Mudiay has been absent injury, but in the first five games of the season, he shot 27.14% from the field and 3-for-15 from beyond the arc. He produced in other categories -- rebounds, assists and steals -- but he averaged 4.4 turnovers per game, in part negating that production.

The youngster Murray played under 37 minutes through three games to start out the year. Of course, he received more playing time in game number four as a result of the injury to Barton. But, after four games, Murray had just two points on 0-of-16 shooting from the floor.

Since the beginning of the season, a lot has changed. Murray is averaging 10.5 points -- on 39.9% shooting from the floor -- in 22.1 minutes per game. Before a foul-plagued performance against the Phoenix Suns Sunday night, Murray had accounted for at least a pair of three-pointers and 20 points in three straight games. Needless to say, they're not unloading a 6'4", 19-year-old combo guard.

Despite the injury concern, Harris is in the same boat. He has a lot to offer in today's NBA. He also has a solid 6'4" frame and has shown the ability to flat out shoot the rock, posting an effective field goal percentage of 53.8% in 76 games a year ago.

Barton's 25 years old and has a favorable contract for a guy with his valuable playmaking skills. He's probably a guy Denver would like to keep around in a bench role to support the likes of Murray and Harris.

As for Mudiay, it's more of a tricky situation. He was their seventh overall pick a year ago, and he's one of the youngest players on the roster. But, he's been a historically inefficient player. His shooting hasn't gotten any better, as his field goal percentage has actually declined early on. He's also turning the ball over more on a per-game basis. That being the case, you're not going to find many teams lining up to pay top price for an inefficient point guard.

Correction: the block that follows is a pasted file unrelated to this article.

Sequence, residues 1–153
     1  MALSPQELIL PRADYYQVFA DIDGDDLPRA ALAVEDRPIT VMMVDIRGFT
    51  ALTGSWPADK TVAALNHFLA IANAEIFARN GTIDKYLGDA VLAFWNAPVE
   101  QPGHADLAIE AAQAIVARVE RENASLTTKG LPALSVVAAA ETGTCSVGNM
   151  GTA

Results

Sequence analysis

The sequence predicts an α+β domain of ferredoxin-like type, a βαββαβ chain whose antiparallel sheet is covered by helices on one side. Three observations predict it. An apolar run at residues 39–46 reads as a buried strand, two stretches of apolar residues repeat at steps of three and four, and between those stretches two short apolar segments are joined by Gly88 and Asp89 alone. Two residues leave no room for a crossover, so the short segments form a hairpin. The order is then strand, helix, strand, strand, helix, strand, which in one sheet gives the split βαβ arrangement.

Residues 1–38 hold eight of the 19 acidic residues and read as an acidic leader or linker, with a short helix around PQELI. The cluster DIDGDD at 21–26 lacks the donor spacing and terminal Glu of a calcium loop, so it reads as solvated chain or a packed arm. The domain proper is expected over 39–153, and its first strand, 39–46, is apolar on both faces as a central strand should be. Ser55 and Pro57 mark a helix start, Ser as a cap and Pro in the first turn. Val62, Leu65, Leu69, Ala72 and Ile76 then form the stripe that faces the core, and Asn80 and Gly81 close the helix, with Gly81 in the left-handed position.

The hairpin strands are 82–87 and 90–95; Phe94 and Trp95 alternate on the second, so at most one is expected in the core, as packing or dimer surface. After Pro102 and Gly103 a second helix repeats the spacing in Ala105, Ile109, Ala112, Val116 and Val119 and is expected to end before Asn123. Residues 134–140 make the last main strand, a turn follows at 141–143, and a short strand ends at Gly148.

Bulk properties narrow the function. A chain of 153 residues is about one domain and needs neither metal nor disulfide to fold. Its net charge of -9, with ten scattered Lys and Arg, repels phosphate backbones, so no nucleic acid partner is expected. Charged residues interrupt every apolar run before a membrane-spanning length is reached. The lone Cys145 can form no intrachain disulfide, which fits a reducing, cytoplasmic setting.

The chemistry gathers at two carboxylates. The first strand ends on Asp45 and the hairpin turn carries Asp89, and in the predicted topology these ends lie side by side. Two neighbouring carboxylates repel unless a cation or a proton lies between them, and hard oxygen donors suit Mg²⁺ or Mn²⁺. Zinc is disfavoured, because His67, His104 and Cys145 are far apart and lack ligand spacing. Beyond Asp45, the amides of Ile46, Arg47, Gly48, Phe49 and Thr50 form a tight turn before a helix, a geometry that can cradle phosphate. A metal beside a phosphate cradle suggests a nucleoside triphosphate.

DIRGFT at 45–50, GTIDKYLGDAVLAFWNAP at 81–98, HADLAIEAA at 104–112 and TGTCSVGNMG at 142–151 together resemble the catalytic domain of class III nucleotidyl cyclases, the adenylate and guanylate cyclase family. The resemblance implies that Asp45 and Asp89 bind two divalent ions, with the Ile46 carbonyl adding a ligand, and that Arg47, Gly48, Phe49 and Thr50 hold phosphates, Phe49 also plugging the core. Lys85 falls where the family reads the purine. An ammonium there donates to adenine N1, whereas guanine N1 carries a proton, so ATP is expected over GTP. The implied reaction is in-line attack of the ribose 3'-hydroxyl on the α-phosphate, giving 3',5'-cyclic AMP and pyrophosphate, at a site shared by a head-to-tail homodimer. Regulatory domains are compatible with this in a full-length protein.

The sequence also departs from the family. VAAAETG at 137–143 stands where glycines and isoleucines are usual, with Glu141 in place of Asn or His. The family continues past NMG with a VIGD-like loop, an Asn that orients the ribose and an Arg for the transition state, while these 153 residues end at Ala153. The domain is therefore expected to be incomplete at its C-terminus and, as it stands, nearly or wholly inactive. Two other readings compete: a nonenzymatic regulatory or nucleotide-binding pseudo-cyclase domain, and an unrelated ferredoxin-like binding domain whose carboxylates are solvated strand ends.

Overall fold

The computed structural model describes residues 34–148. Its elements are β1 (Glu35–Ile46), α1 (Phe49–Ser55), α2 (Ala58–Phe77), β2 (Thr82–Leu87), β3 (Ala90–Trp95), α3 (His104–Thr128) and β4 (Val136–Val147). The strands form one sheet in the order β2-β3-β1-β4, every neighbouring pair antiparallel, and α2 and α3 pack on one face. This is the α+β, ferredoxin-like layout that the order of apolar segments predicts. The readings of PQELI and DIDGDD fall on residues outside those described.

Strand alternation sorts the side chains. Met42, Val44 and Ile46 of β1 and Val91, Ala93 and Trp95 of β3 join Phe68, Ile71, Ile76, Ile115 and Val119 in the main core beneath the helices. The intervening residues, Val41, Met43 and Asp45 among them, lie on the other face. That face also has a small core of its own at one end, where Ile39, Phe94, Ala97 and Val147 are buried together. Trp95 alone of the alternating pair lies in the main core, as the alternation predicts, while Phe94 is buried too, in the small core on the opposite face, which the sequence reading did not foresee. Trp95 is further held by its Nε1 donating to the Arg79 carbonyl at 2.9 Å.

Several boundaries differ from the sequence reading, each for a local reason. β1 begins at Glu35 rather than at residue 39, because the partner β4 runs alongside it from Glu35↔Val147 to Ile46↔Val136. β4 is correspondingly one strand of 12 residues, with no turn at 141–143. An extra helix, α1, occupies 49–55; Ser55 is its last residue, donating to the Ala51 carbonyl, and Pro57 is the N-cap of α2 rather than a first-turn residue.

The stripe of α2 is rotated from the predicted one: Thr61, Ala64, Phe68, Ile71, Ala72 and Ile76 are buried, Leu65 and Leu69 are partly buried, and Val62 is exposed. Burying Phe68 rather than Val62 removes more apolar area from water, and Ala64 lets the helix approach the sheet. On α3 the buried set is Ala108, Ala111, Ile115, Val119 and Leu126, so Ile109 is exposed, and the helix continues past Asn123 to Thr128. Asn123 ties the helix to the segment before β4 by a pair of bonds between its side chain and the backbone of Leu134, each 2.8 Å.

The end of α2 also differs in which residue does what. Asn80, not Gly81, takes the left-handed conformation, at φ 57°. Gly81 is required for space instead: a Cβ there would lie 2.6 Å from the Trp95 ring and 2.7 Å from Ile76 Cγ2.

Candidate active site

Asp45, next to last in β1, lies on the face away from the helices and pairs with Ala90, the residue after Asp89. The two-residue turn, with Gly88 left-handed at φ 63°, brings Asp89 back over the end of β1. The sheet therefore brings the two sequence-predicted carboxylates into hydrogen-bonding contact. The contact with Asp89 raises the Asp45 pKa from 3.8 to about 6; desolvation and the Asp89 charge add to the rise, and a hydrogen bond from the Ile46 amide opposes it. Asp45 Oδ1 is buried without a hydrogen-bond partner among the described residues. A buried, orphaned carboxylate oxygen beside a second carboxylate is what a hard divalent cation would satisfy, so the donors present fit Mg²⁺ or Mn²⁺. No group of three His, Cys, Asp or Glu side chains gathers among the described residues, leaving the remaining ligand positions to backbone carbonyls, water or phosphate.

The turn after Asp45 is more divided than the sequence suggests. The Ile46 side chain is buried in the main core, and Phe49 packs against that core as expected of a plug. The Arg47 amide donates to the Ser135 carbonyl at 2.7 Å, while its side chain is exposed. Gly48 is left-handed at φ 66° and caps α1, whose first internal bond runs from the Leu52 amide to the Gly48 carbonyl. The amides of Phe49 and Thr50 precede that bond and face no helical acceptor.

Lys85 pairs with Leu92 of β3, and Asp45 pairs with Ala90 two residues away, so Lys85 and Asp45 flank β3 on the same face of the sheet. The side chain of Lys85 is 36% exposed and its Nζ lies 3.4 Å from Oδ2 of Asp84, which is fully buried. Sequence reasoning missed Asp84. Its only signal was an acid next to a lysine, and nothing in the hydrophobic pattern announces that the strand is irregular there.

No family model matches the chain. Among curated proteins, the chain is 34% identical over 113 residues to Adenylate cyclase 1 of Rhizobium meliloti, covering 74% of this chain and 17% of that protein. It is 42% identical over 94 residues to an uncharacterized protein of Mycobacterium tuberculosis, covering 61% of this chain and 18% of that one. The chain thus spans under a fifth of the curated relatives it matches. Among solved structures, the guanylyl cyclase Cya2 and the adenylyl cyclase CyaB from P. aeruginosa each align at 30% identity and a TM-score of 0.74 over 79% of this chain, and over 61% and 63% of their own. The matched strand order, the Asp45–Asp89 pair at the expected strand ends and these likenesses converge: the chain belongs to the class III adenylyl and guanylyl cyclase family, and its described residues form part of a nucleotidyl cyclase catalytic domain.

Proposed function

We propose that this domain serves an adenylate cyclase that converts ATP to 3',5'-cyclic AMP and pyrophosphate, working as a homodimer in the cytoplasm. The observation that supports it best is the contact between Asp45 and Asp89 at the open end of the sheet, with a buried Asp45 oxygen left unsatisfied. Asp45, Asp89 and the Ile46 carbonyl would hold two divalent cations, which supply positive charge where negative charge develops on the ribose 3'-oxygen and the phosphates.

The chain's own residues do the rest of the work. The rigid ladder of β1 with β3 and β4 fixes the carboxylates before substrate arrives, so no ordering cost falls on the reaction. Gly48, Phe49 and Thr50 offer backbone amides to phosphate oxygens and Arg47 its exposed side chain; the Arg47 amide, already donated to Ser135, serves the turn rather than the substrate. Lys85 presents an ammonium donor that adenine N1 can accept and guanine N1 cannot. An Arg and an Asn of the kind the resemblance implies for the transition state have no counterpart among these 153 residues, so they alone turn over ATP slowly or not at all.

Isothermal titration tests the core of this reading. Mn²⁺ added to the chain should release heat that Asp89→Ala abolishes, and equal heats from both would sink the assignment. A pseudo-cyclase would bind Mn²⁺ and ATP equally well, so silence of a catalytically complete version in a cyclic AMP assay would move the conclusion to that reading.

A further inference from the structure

Denver will likely be forced to keep Mudiay on board and ride it out until they have to make a decision on his 2018-19 team option. In the meantime, if and when the other guards return to health, the Nuggets could explore other options (like Murray) at the point and look to put Mudiay on the backburner if he doesn't improve his play.


The Nuggets are really talented right now and will look to build on their 7-10 start to the season. When healthy, they should be able to compete for the eight seed in the ultra-competitive Western Conference, although the bad start has left them with a 20.9% chance of making the playoffs, per our models.

Sooner or later, though, Denver will likely explore the trade market for some of their prized assets, especially if they happen to fall out of the playoff race. While it's unlikely they'll part with one of their valuable backcourt players -- unless a contender comes calling for Nelson -- they're likely to open up some room in the frontcourt.

If and when they take that step, the numbers say the Nuggets -- contrary to popular belief -- should field offers for Nurkic and Arthur rather than Jokic and Faried.

The same jumble of players that makes this all so difficult to decipher at the same time ensures that Denver has a bright future. They'll have to make some moves to solidify their chemistry, but no matter how they shake out, with all the talent they've assembled, the Nuggets have hope of returning to the years of Melo and Chauncey -- or at least back to a playoff contender -- sometime in the near future.